Usually, lithium is one of those commodities you don't hear much about. It doesn't trade on a futures exchange like other metals and the demand for it is relatively modest. It doesn't have the importance of industrial heavyweights like copper and aluminum, or the cachet of gold.
But that's changing quickly. The silver-white metal is suddenly the hottest commodity of the year, with prices trading near all-time highs on fears that supply won't be able to keep up with demand in the coming decade as the production of electric vehicles surges.
The sole lithium exchange-traded fund on the market, the $530 million Global X Lithium & Battery Tech ETF (LIT), is up 58.1% year-to-date and one of the fastest-growing ETFs, with inflows of $305 million so far this year.
YTD Return For LIT
It's easy to see why investors are suddenly so eager to jump on the lithium bandwagon. Demand is expected to skyrocket in the next several years as car manufacturers ramp up the production of electric vehicles. Lithium is a key component of lithium ion batteries, such as those used in electric cars like the Tesla Model S and the Tesla Model 3.
Data from Bloomberg New Energy Finance shows that annual global electric vehicle sales may increase from less than 1 million units this year to 24.4 million units in 2030.
Analysts at Morgan Stanley estimate electric vehicles will account for 9.4% of new vehicle sales in 2025 and 81% of new vehicle sales in 2050, up from 1.1% this year.
Push Toward EVs
The push toward electric cars comes even as oil prices trade at a fraction of their peak levels. Concerns about the climate are pushing individuals and governments to move toward electric vehicles over their fossil-fuel-burning counterparts despite the higher current price tag.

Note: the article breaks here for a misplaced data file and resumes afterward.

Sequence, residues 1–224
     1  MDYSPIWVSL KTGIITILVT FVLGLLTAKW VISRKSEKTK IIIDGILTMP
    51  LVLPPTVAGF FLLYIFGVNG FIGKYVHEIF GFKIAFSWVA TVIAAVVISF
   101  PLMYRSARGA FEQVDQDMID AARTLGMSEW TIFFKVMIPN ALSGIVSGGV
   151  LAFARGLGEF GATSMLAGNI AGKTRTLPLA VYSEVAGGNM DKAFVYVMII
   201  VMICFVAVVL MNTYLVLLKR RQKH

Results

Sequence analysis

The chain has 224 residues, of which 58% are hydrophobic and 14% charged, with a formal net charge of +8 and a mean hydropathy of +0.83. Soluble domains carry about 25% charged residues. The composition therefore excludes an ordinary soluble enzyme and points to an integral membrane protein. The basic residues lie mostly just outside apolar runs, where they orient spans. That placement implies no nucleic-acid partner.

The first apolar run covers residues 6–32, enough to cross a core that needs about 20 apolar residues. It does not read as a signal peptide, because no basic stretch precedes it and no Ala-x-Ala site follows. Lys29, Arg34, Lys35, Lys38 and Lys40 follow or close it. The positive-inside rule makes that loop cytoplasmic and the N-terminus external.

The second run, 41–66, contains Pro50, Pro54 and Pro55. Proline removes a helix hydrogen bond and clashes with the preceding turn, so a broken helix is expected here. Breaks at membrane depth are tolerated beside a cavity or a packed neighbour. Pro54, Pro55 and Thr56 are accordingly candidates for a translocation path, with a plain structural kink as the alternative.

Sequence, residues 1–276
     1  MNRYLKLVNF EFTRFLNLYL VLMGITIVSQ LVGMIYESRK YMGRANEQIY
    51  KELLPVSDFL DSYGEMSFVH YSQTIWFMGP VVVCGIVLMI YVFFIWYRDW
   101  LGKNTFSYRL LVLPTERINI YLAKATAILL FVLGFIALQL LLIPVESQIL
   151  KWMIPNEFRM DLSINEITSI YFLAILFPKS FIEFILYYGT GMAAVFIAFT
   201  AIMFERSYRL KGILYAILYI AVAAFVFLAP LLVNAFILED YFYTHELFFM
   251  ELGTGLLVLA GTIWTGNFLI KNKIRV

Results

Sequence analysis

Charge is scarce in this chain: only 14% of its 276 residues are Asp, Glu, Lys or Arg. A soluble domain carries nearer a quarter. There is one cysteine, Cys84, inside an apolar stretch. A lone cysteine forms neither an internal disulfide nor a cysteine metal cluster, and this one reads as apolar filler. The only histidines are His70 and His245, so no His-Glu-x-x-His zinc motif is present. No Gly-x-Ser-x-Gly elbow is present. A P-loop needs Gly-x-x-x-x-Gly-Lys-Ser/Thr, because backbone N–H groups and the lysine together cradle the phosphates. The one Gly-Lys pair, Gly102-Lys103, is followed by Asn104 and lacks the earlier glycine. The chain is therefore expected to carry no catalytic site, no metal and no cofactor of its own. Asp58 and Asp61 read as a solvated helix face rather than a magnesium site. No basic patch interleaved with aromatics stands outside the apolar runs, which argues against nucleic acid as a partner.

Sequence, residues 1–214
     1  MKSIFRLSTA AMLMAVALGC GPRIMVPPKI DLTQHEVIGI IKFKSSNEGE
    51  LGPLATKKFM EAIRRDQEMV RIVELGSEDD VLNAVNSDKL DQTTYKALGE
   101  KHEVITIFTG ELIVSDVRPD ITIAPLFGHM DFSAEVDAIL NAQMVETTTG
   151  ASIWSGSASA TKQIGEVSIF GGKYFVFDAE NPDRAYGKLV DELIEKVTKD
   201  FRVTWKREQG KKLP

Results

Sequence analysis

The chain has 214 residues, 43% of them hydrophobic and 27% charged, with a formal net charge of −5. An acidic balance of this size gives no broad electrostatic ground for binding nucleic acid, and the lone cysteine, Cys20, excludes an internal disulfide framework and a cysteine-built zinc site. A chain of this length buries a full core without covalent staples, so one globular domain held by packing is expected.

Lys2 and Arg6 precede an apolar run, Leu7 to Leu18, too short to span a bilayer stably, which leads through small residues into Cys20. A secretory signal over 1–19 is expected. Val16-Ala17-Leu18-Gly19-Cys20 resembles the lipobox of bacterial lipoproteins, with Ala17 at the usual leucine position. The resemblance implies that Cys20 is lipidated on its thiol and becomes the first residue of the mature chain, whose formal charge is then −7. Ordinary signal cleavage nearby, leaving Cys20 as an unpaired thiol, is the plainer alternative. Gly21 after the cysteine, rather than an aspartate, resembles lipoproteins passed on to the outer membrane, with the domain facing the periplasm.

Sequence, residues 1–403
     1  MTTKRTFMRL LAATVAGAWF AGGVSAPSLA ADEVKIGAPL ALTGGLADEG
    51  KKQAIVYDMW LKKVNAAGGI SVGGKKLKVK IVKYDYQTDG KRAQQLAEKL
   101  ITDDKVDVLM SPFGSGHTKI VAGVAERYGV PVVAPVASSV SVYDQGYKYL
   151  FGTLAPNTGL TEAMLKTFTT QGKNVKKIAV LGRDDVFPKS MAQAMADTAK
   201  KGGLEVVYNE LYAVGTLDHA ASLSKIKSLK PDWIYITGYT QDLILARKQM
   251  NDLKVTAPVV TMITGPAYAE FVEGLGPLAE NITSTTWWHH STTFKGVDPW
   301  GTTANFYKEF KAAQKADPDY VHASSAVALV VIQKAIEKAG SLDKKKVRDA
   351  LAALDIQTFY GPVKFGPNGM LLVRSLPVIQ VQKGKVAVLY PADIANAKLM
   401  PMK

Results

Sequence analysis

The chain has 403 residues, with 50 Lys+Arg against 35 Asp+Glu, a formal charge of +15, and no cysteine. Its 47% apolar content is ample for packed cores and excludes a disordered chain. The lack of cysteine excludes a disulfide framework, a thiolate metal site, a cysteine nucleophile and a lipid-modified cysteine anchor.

This year, Britain and France pledged to ban the sale of all gasoline and diesel-fueled vehicles by 2040, while Norway has an even more ambitious target of ending sales by 2025. Earlier this month, even China hinted it is considering a similar phasing-out of the internal combustion engine.
"We have reached an inflection point in electric vehicle adoption that can completely change the equation for lithium demand," said Jay Jacobs, director of research for Global X Management Company.
"Tesla’s Gigafactory in Nevada will reportedly produce more lithium-ion batteries annually than were produced in total in 2013, and will be the largest factory on the planet. The sense of scale occurring here is enormous, and is being driven by significant anticipated demand," he added.
A single electric vehicle can require as much as 10,000x as much lithium as the average smartphone, which had previously been a significant force for lithium demand, Jacobs noted: "There’s also another source of growing demand from renewable energy storage, which we are just scratching the surface of right now."